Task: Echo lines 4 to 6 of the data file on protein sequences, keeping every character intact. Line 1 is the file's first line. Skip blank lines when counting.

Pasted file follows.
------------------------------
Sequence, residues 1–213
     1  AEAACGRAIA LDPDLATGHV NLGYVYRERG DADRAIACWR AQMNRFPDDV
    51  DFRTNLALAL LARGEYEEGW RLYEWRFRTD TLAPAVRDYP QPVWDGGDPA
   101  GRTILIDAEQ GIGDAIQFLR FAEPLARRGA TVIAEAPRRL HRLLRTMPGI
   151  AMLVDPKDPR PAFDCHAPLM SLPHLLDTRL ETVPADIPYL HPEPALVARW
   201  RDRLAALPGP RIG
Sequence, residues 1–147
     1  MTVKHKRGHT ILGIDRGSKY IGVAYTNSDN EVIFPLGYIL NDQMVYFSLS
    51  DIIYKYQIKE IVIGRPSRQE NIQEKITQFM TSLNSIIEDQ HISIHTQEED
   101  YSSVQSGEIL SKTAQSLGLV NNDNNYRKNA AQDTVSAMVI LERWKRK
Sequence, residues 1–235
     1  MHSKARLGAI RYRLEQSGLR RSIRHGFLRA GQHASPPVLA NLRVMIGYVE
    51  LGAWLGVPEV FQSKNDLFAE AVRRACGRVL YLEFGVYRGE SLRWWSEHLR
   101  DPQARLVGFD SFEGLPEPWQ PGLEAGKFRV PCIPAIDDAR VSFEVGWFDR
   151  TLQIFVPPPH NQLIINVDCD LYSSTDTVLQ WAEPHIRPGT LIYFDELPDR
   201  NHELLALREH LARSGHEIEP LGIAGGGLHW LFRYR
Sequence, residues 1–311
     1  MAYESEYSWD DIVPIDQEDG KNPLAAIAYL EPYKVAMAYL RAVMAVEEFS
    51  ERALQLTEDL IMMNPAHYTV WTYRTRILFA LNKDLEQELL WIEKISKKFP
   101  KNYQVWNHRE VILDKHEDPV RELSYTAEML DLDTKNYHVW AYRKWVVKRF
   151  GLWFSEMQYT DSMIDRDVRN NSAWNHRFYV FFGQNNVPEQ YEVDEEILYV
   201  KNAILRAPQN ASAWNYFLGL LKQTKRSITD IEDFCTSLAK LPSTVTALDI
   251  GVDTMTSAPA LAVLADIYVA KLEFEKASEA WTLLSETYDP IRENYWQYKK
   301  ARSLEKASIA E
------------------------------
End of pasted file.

   101  GRTILIDAEQ GIGDAIQFLR FAEPLARRGA TVIAEAPRRL HRLLRTMPGI
   151  AMLVDPKDPR PAFDCHAPLM SLPHLLDTRL ETVPADIPYL HPEPALVARW
   201  RDRLAALPGP RIG